The immigration debate is boiling over. Americans are losing the ability to understand and talk to one another about immigration. The new Arizona immigration law makes it clear that we must find a way to connect on a human level.
Green Card Stories does just that. The book depicts 50 recent immigrants with permanent residence or citizenship in dramatic narratives of about 1,000 words each, accompanied by artistic photos. Rather than couching immigration in terms of economics or politics, these stories appeal to the heart.
Each story is as old as the foundation of this immigrant nation, but also reflects the global trends and conflicts of the 21st century: the aspiring dentist who fled war-torn Sudan with just three T-shirts and a pair of shoes; the Caribbean-born orthopedic surgeon facing deportation; the Iraqi bodyguard for U.S. troops blinded by a car bomb; a former Mexican farm worker and school dropout turned high school principal. Arriving from all corners of the globe, coming for work, love, to study or escape persecution, they all share a steely resourcefulness and a fierce love for America. Green Card Stories tells the true story of our nation: E pluribus unum--out of many, one.Read more...
IPC Staff Attorney Ben Winograd was quoted in today's WNYC article about the hesitation that some immigrants may feel when applying for deferred action - especially if they have a previous immigration violation or have used fake social security numbers in the past: Read more...
Chun Wah Chan Known as CW, was born in southern China, but grew up in Hong Kong. He finished college in Hong Kong and came to the U of C in the early 1970s to take up social work. For a number of years he served as the Director of Psychiatric Social Work for the Cook County Hospital. In 1978 he and his close friend Bernie Wong founded the Chinese American Service League to help Chinese immigrants find their way in the street of Chicago.
He speaks three versions of Chinese: Mandarin, Cantonese and Chew Jow, (phonetic) a dialect spoken by many Chinese from Southeast Asia. Because of his language capability, he has been able to cross the different lines of the Chinese community here in the U.S. By a trick of fate, as he tells me, CW moved from social work to business and when his father was tragically killed in a car accident, CW took over the family business. He became the president of the Pioneer Aquaculture Inc. a producer and distributor of freshwater fish. But, perhaps more importantly, he became a political liaison, between Chicago's Chinatown business and city government.
His many years of professional experience in the field of social work made him an extremely valuable leader in the business community in Chinatown. He has held many leadership positions and in fact, was the longest serving President of the Chinatown Chamber in Chicago. He has done much to bring the Chinese business community into America's mainstream CW was quoted as saying, "If you go to Chinatown, do not think of it as a visit to China Because Chinatown is part of the American community, a classic Chicago neighborhood."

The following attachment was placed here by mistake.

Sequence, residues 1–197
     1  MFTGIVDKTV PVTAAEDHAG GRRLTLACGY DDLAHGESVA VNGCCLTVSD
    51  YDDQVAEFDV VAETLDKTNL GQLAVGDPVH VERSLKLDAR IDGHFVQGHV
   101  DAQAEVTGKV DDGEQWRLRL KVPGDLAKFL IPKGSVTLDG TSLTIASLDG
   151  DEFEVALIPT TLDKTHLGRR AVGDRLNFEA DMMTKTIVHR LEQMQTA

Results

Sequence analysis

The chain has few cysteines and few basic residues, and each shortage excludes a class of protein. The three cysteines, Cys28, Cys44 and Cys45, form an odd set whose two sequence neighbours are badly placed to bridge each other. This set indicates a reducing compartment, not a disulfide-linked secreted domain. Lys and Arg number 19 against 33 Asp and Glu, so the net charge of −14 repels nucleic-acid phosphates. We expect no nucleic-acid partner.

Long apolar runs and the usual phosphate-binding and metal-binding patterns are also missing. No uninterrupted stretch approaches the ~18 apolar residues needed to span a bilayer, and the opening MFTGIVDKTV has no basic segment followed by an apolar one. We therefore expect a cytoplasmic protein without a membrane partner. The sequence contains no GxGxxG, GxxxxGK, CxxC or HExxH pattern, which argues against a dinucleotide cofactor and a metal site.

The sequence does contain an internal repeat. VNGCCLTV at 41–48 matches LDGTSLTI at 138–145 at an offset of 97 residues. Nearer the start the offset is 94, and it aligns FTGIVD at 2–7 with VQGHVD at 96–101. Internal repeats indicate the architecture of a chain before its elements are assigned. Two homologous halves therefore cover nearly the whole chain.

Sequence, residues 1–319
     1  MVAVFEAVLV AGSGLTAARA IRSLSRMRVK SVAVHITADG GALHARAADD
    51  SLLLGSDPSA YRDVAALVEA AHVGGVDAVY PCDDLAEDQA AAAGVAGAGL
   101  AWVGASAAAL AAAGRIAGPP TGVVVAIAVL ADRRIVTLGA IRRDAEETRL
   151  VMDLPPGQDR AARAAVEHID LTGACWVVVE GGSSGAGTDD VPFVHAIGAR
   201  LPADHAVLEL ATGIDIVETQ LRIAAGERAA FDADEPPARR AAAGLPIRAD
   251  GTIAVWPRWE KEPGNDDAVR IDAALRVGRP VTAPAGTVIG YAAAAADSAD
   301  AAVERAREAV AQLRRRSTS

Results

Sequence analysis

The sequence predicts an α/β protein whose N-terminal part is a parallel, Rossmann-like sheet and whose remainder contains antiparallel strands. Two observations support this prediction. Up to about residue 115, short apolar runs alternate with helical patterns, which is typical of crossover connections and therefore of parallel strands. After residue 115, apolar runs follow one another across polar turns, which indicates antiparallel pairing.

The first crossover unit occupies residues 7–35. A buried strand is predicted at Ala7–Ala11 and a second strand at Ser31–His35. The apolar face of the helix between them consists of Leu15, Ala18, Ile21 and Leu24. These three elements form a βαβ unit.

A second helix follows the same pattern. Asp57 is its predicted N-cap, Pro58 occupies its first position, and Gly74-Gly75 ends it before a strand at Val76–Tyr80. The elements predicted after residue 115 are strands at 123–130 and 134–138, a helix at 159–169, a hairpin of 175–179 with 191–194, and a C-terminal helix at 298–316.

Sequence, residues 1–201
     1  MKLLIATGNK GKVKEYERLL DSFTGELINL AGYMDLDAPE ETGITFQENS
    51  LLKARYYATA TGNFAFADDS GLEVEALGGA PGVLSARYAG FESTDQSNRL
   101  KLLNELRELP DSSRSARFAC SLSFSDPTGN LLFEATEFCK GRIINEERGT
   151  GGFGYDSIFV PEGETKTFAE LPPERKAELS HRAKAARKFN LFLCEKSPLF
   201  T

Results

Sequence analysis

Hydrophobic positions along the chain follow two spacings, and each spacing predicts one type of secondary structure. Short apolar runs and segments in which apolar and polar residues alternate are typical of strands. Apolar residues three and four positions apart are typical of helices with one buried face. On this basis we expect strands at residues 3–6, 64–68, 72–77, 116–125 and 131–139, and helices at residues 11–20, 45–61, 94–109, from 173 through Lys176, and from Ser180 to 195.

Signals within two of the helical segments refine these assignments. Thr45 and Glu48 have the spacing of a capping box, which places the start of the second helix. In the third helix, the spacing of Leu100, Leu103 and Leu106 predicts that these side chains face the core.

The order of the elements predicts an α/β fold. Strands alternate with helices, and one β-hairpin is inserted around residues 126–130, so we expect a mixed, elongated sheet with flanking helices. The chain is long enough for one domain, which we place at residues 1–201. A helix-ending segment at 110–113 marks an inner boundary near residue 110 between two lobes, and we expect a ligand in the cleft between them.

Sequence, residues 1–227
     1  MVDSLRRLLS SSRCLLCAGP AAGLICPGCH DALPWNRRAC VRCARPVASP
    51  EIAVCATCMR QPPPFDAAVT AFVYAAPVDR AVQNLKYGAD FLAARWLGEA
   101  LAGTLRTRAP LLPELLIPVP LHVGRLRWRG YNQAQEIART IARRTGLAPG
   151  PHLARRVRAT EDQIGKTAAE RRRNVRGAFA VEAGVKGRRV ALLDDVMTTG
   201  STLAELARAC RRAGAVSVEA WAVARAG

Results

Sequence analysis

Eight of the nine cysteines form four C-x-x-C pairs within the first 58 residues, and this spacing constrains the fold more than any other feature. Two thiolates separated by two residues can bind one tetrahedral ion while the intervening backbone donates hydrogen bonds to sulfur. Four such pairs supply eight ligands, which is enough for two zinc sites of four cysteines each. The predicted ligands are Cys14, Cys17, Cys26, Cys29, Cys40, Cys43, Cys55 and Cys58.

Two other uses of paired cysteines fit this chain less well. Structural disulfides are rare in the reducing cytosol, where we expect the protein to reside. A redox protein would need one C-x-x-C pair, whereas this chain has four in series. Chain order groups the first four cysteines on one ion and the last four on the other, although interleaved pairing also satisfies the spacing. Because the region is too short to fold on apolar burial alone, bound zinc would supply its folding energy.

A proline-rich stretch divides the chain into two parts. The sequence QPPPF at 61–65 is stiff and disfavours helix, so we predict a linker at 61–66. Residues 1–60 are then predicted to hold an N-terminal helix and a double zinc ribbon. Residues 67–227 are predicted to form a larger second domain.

AILF is proud to honor Mr. C.W. Chan for his tremendous efforts on behalf of his community and country.
Katherine Benton-Cohen, Ph.D.is an Arizona native, and now lives in Washington, D.C., where she is associate professor of history at Georgetown University. She is the author of Borderline Americans: Racial Division and Labor War in the Arizona Borderlands (Harvard University Press, 2009), and a former fellow at the Woodrow Wilson International Center for Scholars. She is currently writing a book about the Dillingham Commission of 1907‐1911, the largest study of immigrants in U.S. history, which led to the immigration restrictions and quotas of the 1920s.
In a recent op-ed in the Chicago Sun-Times titled "How Immigration Reform Would Help Chicago," Stephen Bouman cited the Immigration Policy Center while making the case for the economic benefits of passing immigration reform:
"The Immigration Policy Center’s researchers find that Latino and Asian entrepreneurs and consumers already add tens of billions of dollars and tens of thousands of jobs to Illinois’s economy. Imagine how Chicago’s economy could buzz if all immigrants were buying homes, investing in education, and planning for secure futures."
Immediately after the Presidential election of 2008, it was quickly apparent through exit polling that Latino, Asian, and African-American voting had expanded dramatically compared to the 2004 election. Census Bureau data released late last month confirms the tremendous growth in voting among these groups. Today, the Immigration Policy Center (IPC) releases a fact check, Latino and Asian Clout in the Voting Booth, which shows how much the electoral power of racial and ethnic minorities increased in just four years.